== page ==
Wind blasted sand dunes in the middle of Dutch suburbia.
It is starting to feel more and more like spring here in Slovenia with nature waking up after a long sleep, so I thought it was time for a travel post. One of the places that made it on to my travel list when I went to the Netherlands for a month during my PhD in 2022 was this one: the Lange Duinen sand dunes in Soest.
Soest is a town near Amersfoort and the region is home to two dune lands, simply called the Long and Short dunes. Both rather unexpected sandy areas were formed when the sand was pushed south during the last Ice Age and are amongst Dutch geological monuments. I decided to take a walk through Lange Duinen on a Sunday afternoon and for me it was a very nice experience. Although it might seem like there’s nothing special about a stretch of sand and there are of course many more impressive deserts in the world, I thought it was a rather unique sight to find a whole proper dune land in the middle of Dutch suburbs, complete with funky wind-shaped trees.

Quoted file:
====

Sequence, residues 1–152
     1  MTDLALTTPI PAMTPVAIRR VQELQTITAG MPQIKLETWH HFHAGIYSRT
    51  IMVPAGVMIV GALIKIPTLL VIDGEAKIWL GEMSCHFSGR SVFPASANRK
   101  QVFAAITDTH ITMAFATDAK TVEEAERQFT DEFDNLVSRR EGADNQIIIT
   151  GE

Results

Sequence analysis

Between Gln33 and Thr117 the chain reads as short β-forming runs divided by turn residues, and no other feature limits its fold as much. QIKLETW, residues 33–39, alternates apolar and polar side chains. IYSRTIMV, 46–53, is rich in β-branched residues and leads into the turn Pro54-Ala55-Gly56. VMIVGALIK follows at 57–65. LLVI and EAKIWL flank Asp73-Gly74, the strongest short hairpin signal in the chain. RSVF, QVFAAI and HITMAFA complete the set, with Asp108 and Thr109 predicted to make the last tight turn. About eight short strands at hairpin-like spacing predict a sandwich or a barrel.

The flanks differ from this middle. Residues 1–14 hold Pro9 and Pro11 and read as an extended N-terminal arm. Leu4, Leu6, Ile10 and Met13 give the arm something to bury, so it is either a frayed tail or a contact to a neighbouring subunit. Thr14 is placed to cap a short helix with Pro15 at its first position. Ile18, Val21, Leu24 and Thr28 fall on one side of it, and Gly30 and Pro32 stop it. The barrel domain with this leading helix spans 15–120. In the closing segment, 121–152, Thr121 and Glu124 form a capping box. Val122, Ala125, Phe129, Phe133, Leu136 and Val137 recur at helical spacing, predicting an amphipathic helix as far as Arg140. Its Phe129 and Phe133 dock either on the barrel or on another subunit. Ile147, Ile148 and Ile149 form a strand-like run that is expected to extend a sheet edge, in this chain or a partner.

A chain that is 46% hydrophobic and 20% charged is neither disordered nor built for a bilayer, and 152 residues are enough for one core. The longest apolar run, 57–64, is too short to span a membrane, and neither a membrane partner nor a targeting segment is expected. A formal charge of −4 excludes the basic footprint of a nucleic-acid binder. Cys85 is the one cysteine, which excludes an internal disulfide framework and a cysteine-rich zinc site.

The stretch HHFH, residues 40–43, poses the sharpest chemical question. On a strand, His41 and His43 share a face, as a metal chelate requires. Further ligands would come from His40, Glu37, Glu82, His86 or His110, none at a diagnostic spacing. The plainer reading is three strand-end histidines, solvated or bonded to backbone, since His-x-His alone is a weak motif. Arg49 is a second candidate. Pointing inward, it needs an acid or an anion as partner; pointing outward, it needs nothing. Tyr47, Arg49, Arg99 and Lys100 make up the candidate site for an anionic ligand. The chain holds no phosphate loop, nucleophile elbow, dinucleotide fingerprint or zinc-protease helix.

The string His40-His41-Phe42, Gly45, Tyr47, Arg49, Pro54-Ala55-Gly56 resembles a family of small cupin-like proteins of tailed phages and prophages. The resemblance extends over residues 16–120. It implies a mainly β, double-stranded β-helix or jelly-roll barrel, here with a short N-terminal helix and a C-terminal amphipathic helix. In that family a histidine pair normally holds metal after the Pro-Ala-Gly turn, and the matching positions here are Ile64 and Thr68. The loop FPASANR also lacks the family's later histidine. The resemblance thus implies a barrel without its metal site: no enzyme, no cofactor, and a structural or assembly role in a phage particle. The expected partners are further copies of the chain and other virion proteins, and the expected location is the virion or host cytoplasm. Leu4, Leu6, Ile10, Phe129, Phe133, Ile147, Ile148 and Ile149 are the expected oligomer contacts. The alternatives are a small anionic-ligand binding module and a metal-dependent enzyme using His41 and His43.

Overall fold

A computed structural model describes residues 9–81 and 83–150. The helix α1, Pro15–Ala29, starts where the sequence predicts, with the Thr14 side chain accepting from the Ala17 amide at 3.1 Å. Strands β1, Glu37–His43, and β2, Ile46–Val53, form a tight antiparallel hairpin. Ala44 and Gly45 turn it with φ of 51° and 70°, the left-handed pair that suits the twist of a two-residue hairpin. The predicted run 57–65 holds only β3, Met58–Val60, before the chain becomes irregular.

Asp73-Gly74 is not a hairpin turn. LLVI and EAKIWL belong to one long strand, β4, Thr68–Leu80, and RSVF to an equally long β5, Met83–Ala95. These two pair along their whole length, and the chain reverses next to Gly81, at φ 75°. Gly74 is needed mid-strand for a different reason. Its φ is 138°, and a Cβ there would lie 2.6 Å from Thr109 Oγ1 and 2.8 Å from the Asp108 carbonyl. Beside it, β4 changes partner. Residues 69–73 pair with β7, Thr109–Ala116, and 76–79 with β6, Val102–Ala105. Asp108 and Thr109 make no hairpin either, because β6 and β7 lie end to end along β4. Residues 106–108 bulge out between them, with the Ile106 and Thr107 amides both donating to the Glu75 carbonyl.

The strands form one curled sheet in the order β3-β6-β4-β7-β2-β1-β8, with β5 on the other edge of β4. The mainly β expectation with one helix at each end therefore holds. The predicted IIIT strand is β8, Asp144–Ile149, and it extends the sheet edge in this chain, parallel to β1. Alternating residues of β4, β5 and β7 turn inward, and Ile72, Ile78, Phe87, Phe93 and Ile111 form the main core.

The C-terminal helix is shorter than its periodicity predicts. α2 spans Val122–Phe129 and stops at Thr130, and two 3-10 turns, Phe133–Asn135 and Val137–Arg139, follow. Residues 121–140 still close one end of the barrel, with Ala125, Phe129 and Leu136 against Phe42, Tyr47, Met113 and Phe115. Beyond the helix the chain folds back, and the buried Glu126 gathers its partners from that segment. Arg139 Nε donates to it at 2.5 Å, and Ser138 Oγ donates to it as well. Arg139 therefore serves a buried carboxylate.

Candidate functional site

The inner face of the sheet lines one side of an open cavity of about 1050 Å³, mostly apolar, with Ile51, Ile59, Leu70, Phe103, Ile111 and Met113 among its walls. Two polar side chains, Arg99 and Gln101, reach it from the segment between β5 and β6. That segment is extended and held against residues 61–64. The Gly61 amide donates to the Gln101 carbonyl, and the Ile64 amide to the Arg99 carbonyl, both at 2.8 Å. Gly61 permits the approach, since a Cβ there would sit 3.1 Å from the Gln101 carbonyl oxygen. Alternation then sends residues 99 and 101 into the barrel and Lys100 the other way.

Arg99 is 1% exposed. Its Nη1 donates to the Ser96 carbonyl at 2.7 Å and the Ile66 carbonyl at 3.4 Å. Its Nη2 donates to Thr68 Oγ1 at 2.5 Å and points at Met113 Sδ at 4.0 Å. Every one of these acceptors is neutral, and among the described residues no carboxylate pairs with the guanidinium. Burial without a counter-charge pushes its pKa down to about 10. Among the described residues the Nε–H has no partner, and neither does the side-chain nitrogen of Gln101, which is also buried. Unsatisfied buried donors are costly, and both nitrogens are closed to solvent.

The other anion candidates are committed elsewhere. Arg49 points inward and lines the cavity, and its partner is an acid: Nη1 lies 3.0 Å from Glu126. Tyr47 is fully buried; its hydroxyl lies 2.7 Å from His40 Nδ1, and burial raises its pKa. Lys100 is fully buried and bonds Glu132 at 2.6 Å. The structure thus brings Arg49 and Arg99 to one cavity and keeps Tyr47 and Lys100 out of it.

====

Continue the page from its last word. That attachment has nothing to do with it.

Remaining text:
Impressions of Lange Duinen
The dunes are very easy to find and walk to from the Soest-Zuid bus station (about 15 minutes) and it’s certainly a strange feeling to turn a corner and suddenly walk into a land of sand instead of a park or a woodland area. The locals treat it the same though and you’ll see many people walking their dogs and kids playing in the sand. However, don’t believe all those stories of crazy amazing trees with floating roots in Soest – although the trees are interesting and funky due to wind and sand erosion, I could find only one tree with proper floating roots right in the middle of the open area and it is the one that everyone on the Internet seems to have taken a photo of. So, if you are into a relaxing walk through the sand and some funky trees, it is a great place to enjoy and perhaps have a picnic in, but if you are expecting a big natural spectacle, you will be disappointed.